All 5,000 places in the federal government’s First Home Loan Deposit Scheme (FHLDS) reserved for non-major lenders have now been exhausted, three months after they opened for submissions.
The FHLDS, administered by the National Housing Finance and Investment Corporation (NHFIC), aims to provide up to 10,000 first home buyers (FHBs) per financial year with access to housing finance with a deposit of at least 5 per cent, allowing FHBs to enter the property market earlier.
The government has agreed to guarantee the difference between the borrower’s 5 per cent deposit and the standard 20 per cent deposit required to take out a home loan without paying lender’s mortgage insurance (LMI).
A total of 27 lenders are currently on the FHLDS lender panel, with the majors – CBA and NAB – allocated 5,000 of the 10,000 loan spots guaranteed each year, with the other 25 non-major lenders set to split and write the other 5,000.
Participating lenders in the inaugural term of the scheme have now announced that all 5,000 places reserved for borrowers via non-major lenders have been exhausted (the 5,000 spaces allocated to the two major banks were reportedly filled earlier this year).
Another 10,000 new spots in the FHLDS will be opened and available when the scheme is reset on 1 July 2020, with further details on participating lenders and allocations yet to be released.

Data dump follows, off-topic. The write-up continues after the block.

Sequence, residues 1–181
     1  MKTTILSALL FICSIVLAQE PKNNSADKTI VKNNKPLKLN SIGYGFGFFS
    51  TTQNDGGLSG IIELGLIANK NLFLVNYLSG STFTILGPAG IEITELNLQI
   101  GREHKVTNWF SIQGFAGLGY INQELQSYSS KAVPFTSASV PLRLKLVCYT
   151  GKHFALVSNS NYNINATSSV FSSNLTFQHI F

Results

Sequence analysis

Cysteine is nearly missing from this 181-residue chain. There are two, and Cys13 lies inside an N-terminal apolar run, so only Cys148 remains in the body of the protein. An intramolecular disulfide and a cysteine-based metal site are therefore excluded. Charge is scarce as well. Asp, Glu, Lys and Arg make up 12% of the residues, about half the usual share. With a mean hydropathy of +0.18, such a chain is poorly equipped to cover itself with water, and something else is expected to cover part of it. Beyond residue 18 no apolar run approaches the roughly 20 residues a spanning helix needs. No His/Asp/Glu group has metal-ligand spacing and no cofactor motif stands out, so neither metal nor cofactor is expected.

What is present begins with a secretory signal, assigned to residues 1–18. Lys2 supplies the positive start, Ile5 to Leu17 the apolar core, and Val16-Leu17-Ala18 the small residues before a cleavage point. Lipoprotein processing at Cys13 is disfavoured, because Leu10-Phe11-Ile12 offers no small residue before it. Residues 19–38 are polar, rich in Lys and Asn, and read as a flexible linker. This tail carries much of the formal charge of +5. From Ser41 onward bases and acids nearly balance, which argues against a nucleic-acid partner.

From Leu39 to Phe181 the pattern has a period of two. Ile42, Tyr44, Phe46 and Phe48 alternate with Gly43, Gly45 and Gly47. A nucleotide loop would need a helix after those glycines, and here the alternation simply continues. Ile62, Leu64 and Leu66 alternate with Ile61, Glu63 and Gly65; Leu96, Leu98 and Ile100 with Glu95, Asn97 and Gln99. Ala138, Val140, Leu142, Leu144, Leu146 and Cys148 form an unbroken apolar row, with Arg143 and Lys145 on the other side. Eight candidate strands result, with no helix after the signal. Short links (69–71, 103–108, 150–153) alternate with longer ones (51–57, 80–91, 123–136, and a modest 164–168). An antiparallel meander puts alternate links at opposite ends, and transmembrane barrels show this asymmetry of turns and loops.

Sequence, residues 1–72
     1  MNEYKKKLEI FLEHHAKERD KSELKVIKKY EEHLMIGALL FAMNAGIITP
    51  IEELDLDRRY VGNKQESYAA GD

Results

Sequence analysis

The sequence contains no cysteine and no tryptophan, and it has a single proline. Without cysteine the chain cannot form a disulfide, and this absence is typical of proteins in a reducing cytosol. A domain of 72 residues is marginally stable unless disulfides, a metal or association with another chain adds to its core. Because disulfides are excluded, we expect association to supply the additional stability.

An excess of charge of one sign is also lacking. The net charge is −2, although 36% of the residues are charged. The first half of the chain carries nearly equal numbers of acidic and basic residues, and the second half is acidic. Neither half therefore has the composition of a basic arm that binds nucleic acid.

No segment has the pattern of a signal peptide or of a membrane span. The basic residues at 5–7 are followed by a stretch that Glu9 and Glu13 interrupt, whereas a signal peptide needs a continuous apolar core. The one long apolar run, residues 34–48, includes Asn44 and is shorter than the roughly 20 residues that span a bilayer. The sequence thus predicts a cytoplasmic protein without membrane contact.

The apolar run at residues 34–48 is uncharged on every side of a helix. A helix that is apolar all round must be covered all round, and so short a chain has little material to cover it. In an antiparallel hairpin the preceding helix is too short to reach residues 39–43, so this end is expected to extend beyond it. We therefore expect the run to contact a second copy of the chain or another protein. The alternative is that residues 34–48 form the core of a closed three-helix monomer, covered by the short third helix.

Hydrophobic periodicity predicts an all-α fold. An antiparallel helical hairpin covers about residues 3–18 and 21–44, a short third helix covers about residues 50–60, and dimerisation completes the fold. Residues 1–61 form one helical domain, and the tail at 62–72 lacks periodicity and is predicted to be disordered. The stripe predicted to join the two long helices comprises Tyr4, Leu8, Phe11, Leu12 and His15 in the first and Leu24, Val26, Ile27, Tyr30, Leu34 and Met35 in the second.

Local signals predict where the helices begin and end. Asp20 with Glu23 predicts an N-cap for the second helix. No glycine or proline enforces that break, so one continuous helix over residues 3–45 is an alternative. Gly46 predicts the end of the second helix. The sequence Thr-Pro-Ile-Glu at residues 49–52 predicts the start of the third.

Under the scheme, borrowers who are offered a reserved place within the scheme have a 90-day pre-approval period in order to find and secure a property. However, due to COVID-19, an extension of a further 90 days was offered to participants of the scheme, giving them a total of 180 days to find and secure a property.
Despite the extension, participating lenders noted that not all borrowers who have been offered a place in the scheme will find and settle on a property within the designated time period, meaning those who have applied for the scheme via participating non-major lenders may still be able to secure a place prior to the next round of allocations being released in July.
As such, participating lender MyState Bank stated that applicants who have applied for but not yet been offered a place within the scheme via MyState will be placed in a “waiting queue” in case spots open up within the scheme.
Meanwhile, Teachers Mutual Bank Ltd, another non-major participating lender, stated that it “unfortunately will not be maintaining a ‘waiting list’ pending proposed future certificates being released” and will instead be prompting borrowers who have not secured a place in the scheme to re-apply in July.
Western Australia-based P&N Bank has stated that it will continue to accept scheme reservation requests despite the allocation being exhausted, with new requests to be “input into the scheme portal should a new place come available, or when new places are allocated” on 1 July.
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Hannah Dowling is a journalist for mortgage business, the leading source of news, opinion and strategy for professionals working in the mortgage industry.
Prior to joining the team at Mortgage Business, Hannah worked as a content producer for a podcast catering to property investors. She also spent 6 years working in the real estate sector at a local agency.
Hannah graduated from Macquarie University with a Bachelor of Media and Journalism.